I would love to try this. The fun seemed contagious.

Reservations are recommended.

“Creep:” A Book Review

“Creep,” written by Jennifer Hillier, is a work of pure fiction or at least I hope so. Given some of the irrational behaviors reported by the news these days, it could be close to the truth. But I really think it is Hillier’s superb writing that makes the book a success.

According to her Facebook page, Hillier who is originally from Canada currently resides in Seattle and the book’s setting portrays areas in and around Seattle very accurately.

Named for Radiohead’s song “Creep” and appropriately mentioned throughout the book, the title is also the ultimate play on words.

When professor of psychology, Dr. Sheila Tao, ends her affair with her young teaching assistant, she’s not prepared for the lengths he’ll take to make her suffer. Tao’s fiancé appears to want to end their relationship when Sheila admits to having an embarrassing addiction. Besides her fiancé, not many people would care if Sheila took off for an indefinite period of time or so it seems when she disappears.

I hope that’s enough to make you want to read the book because I don’t want to spoil any of it for you. From the first page, I was hooked and spent many hours when I was supposed to be working, reading instead. Then I didn’t want it to end. I was rewarded for that. You will be, too.

Although a debut novel, the writing is skilled and professional. Characters are well-drawn, easy to love or hate, and follow the paths you’d expect them to. The plot, however, will keep you turning the pages. None of the clues planted go astray and all are wrapped up neatly. Honestly, I found no fault at all with this book. Hillier’s writing keeps me reading and wanting more – that’s something I can’t define and not very many authors have it. Part of it is flow and smoothness, but some of it is a secret quality that can’t be found in how-to-write books.

In August, 2012, Hillier’s new book, “Freak” comes out. I’ll be one of the first to buy it. It’s already on my calendar.

Jaunt Up to Joe’s Gardens

For the freshest and most delicious produce around, a trip to Joe’s Gardens in the Happy Valley district of Bellingham is in order. They grow tons of different vegetables and more than 300,000 potted plants.

 

For something very special, try their Romano beans. The flavor is nothing short of amazing.

Joe’s Gardens has been around since 1933, which says a lot about their success.

Fall brings beautiful braids of garlic grown from seed brought to the U.S. from Genoa, Italy. Shallots, apples, pumpkin and Fall squash varieties line the shelves along with fresh fruits and vegetables. All the crops grown on site are grown without pesticides. Quality and flavor prevail instead of prolonged shelf-life in a grocery store.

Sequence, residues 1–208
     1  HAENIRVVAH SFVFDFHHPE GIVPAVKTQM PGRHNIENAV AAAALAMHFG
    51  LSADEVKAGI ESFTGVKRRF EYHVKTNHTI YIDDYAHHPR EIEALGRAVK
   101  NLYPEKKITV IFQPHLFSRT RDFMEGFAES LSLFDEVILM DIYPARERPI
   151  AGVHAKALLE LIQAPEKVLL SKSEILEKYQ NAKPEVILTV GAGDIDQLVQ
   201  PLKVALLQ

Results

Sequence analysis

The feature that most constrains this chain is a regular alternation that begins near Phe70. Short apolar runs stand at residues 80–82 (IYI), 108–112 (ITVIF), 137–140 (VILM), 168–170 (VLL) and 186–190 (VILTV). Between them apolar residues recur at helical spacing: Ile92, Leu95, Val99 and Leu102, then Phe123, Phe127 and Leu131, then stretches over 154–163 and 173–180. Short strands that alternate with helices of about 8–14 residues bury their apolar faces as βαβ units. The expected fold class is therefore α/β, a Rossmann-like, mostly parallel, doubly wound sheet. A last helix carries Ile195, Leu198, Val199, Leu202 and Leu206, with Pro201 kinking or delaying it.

And everything is affordable, but hurry – Joe’s Gardens closes mid-October.

Come back next year in early March for bedding plants, vegetable starts, potting soil and compost so you can grow your own bounty.

A Ride-Along We’ll Not Soon Forget

About two weeks ago, my husband, grandson and I had the opportunity to take a ride with the Seattle Police Harbor Patrol Unit. This came about through a purchase I made at a fundraising auction. I’ve always loved seeing how the police work and have ridden along before, but always in patrol cars. This was a first and now my favorite ride along of all.

The sun gods offered us one of the most beautiful days so far this summer, so being on a boat on Lake Union made the time even more perfect.

The two officers who took us out shared all kinds of information about the Harbor Unit and it boggles the mind all the different events they have to be prepared for. Almost every officer in the unit dives, their boats have firefighting capabilities so the officers are also trained in firefighting and of course, they have to be skilled in boating. This is all in addition to their regular police training.

The Harbor Unit patrols both Lake Union and Lake Washington with a fleet of seven boats. Our Seafair celebration on Lake Washington this coming weekend is their busiest time of year.

During our tour, we responded to a call of a small oil spill from a docked boat. Nothing too dangerous, but a frequent occurrence for the Unit.

If you get a chance to ride with a police officer, in any jurisdiction, I highly recommend doing so. It truly is eye-opening.

The houseboat from the movie "Sleepless in Seattle."

Getting Cherry-ed

Everyone knows we grow apples here and then there’s the espresso stands – with one on every corner, you’d think they were mating. But did you know we’re one of the nation’s largest producers of cherries?

Actually we are the number one producer of cherries with California running second.

This past weekend I was privileged to go on a tour of a packing plant, an orchard and to savor some very delicious foods made with cherries. My favorite, of course – biting into a dark, red sweet cherry and savoring that first squirt of juice on my tongue. The cherry pies tasted mighty good, too.

Kate McDermott teaching cherry pie making.

Kate McDermott gave us a most informative and clever pie making lesson to launch our tour.

“Chill all your ingredients prior to creating the dough and putting the pie together, and you chill out, too,” says McDermott.

She also places a personal intention into every crust she makes and then lets the dough know she’s in charge. That may be why my pie dough never turned out before.

“Making a pie is like a meditation for me,” says McDermott, whose pie making tools all have a story behind them.

After a delectable and delightful dessert of cherry pie and ripe cherries, our group dined at Blueacre Seafood in Seattle.

I have never seen a Dungeness Crab as large as the one they served. Someone else ordered it and made our entire table jealous.

Dugeness Crab to die for